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Growth We Can Believe In

Yegads! As if one weren't enough, the world needs more Richard Bransons...

MAYBE THE WORLD needs more Richard Bransons, writes Dan Denning for his Daily Reckoning Australia.

"Fortunes are made out of recessions," Branson said in a recent interview. "A lot of entrepreneurs get going in the economic depths because the barriers to entry are lower.

"There are a lot of Richard Bransons that will come out of the next three or four years."

Ignoring the fact that Branson's Australian outfit Virgin Blue has the worst-performing share in the Asia Pacific airline sector in 2009, the bearded knight still has great point. If the downside of Creative Destruction is the unplanned obsolescence of companies like GM and AIG – now over-supplying motor cars and credit insurance respectively – the upside is that something new replaces the something old (or at least the something that is no longer fit for purpose).

A real recovery in the economy will be led by new production, not phoney consumption. Phoney consumption has been the problem all along. Goosing the money supply leads to artificial growth. It creates false demand and the appearance of economic activity. But it's simply growth for growth's sake because, frankly, that's what gets politicians elected.

Sustainable and healthy economic growth is driven by changes in consumer preferences over time and in new products and services. Those products and services come from entrepreneurs and innovators. It makes sense when you look at just a few historical examples.

For example, Henry Ford didn't get into business because he wanted to see America's GDP grow at 3.4% per year. He had an idea for a real product that people could use. And people did use it. It was affordable. And his idea changed the economy in unimaginable ways.

That's the trouble with organic growth, at least from the policy-maker's perspective. It isn't predictable. You have to rely on a basic assumption that given freedom from onerous taxation and regulation, entrepreneurs will innovate, putting capital to productive use to create jobs and produce wealth. That's growth you can believe in. Whereas shuffling a few billion dollars around the economy via a stimulus package...that's not growth. That's just binge deficit spending, akin to binging on Big Mac's as a kind of comfort food to deal with your malnutrition.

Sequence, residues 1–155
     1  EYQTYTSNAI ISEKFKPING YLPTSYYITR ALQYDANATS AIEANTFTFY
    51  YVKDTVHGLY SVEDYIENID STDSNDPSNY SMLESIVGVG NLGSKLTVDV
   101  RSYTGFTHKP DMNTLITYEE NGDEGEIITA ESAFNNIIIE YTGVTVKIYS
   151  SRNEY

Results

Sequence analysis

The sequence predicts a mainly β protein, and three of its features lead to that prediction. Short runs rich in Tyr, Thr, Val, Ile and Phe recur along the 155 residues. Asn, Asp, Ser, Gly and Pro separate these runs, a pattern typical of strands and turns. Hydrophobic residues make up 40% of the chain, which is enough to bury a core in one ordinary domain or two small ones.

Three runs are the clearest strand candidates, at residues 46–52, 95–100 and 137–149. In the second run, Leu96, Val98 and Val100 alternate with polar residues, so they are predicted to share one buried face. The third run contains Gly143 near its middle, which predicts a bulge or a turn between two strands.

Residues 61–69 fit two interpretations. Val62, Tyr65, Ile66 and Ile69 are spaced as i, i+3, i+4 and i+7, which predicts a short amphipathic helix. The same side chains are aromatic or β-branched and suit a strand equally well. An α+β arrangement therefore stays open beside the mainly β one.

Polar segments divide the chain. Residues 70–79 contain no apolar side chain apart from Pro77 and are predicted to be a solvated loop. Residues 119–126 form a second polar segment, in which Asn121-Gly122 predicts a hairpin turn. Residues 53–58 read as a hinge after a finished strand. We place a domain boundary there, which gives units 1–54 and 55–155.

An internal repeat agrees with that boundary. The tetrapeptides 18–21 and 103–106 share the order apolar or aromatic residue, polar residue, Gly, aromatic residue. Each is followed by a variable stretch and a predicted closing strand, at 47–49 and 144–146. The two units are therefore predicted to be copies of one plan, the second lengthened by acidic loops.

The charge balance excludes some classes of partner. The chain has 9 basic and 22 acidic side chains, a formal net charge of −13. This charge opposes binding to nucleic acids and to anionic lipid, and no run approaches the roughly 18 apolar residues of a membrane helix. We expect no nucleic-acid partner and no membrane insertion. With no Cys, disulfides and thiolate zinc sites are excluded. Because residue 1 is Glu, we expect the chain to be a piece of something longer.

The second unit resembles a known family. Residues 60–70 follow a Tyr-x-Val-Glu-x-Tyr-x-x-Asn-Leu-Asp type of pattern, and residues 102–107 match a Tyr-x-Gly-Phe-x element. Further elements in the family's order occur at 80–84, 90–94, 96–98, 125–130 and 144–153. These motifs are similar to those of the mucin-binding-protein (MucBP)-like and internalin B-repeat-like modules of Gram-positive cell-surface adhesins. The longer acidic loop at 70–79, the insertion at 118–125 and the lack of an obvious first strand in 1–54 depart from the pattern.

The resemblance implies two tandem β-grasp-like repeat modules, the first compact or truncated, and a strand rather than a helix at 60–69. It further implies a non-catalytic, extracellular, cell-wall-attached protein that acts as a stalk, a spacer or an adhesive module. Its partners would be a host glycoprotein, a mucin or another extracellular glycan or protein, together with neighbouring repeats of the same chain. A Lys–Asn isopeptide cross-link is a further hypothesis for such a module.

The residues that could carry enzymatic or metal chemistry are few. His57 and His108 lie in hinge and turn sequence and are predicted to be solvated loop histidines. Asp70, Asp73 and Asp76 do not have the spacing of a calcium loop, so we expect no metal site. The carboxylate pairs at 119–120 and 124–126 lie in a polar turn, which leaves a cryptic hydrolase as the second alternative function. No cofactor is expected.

Here in Australia, just like everywhere else, prime minister Kevin Rudd – along with many other critics of the market – continues to say that if government does nothing, nothing will get done. This is odd, given that the thrust of central banking efforts is to preserve asset values at their credit boom levels rather than letting them fall where they may.

In a weird way, it's kind of narcissistic for this generation of corporate and political leaders to preserve the world in the way that's familiar and comfortable them. It's also fairly arrogant to think that's even possible.

In the event, whether real change is on offer or not, the world's savings are probably going to keep pouring into the bond markets. Taxes will have to rise in the future to pay the interest on all the public sector debt being sold. You couldn't think of a better way to prevent future real growth, or to turn this severe recession into an even greater depression.

Best-selling author of The Bull Hunter (Wiley & Sons) and formerly analyzing equities and publishing investment ideas from Baltimore, Paris, London and then Melbourne, Dan Denning is now co-author of The Bill Bonner Letter from Bonner & Partners.

See our full archive of Dan Denning articles

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